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U.K. Elections 2016: What’s Happening Where?

England, Scotland, Wales and Northern Ireland all vote on Thursday, and London will elect a new mayor.

Today’s elections in the United Kingdom may be scoured for signs about the level of support for leaving the EU, ahead of the June 23 referendum, even as analysts warn any attempt to extrapolate the results may be a mistake.

What’s Happening?

There are elections for Scottish Parliament as well as Welsh and Northern Ireland Assembly elections as well as local council elections in England, excluding London.

In London, voters will be selecting a new mayor to replace Boris Johnson and representatives for the greater London Assembly. There are two by-elections, in Ogmore and Sheffield Brightside, where the outgoing Labour MPs have solid majorities.

Voting began at 7am and will finish at 10pm.

When Will We Get the Results?

The first local council to declare will likely be either Sunderland or Tunbridge Wells around 11pm U.K. time and the majority of results will be in by 7am Friday; the final council declaration isn’t expected until Sunday.

The results of the two by-elections will likely be declared in the early hours of Friday while the final Welsh result is expected at 7am and the last Scottish declaration at 8am.

The Situation:

Boris Johnson’s replacement as mayor of London won’t be known until some time Friday evening.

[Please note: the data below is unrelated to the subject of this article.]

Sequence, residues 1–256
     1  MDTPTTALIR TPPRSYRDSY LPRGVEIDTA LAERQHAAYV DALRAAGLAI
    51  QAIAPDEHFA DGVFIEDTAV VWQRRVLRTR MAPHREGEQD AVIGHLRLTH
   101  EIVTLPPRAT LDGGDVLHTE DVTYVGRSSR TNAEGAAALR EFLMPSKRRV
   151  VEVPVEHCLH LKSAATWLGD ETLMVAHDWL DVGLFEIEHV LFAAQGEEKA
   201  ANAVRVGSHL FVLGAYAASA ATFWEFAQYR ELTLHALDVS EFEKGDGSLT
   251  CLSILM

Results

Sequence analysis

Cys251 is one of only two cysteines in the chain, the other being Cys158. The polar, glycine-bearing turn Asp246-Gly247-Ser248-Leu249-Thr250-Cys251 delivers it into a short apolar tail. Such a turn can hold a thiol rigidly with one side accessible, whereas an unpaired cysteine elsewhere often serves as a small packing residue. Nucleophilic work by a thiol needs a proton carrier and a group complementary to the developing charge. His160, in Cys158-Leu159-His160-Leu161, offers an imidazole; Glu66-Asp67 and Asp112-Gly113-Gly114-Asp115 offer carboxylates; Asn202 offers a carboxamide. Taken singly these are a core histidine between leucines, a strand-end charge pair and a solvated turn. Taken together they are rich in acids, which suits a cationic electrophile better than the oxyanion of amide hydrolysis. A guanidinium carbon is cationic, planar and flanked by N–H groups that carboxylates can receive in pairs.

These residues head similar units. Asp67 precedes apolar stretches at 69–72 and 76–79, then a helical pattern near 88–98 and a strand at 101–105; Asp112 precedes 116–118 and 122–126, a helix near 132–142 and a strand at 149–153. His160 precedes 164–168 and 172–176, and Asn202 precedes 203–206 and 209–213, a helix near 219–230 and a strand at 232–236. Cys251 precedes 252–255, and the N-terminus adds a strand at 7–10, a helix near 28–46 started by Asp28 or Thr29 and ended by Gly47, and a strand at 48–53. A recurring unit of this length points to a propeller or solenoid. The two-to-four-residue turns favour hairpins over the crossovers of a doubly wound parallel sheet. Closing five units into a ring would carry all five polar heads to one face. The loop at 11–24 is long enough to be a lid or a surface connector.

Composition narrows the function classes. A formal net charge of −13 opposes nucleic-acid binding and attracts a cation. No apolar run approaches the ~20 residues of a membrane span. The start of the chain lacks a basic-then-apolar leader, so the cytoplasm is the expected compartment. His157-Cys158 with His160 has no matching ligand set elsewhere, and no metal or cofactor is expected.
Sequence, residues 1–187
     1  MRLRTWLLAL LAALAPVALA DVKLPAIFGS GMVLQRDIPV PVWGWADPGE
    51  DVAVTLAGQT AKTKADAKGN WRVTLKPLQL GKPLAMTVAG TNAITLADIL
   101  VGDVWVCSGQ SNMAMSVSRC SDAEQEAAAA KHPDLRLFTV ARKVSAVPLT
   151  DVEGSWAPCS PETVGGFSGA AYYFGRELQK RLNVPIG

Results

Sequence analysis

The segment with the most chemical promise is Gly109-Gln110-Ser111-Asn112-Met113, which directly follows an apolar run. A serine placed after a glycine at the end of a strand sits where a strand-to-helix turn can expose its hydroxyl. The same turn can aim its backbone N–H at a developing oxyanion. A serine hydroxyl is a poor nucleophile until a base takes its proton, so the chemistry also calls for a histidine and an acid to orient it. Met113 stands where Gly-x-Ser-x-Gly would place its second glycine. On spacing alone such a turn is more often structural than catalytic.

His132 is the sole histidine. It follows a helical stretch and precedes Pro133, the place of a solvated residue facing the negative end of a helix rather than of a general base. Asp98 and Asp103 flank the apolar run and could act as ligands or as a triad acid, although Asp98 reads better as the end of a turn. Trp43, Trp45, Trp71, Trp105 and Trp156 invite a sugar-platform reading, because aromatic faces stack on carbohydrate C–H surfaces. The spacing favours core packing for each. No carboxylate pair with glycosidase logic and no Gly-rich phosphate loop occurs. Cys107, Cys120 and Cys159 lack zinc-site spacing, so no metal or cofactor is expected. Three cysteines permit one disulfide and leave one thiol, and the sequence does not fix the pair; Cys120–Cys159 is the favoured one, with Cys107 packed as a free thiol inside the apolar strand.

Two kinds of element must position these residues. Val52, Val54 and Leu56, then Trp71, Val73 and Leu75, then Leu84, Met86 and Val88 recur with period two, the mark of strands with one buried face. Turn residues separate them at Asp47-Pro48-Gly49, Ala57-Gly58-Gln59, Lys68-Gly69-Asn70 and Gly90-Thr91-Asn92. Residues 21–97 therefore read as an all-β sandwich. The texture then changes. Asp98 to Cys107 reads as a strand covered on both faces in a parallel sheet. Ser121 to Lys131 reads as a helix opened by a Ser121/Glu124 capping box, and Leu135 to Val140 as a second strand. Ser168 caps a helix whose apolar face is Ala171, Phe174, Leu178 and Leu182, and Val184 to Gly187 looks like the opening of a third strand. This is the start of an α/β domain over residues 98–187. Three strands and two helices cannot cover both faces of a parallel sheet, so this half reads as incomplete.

Labour’s candidate Sadiq Kahn has a clear lead in his bid to be mayor, leading the Conservative candidate Zac Goldsmith by 9 points, according to an Opinium poll and by 12 points according to a ComRes poll.

The Situation:

While the main opposition normally wins seats in local council elections outside general election years, the Labour Party is forecast to lose 150 seats, according to Colin Rallings and Michael Thrasher, professors of politics at Plymouth University. Anti-Europe party United Kingdom Independence Party may gain 40 seats, they say.

 

The Situation:

The SNP, whose leader Nicola Sturgeon expects a second referendum on Scottish independence, is expected to win another majority. Second place in Scotland is expected to be a tight race and an STV poll suggests Labour could cede its place as the main opposition party to the Conservatives.

 

The Situation:

In Wales, where Labour is in power, support for the party slipped to its lowest level in six years; UKIP is expected to win seats for the first time, with 8 seats, according to a YouGov poll for Cardiff University.

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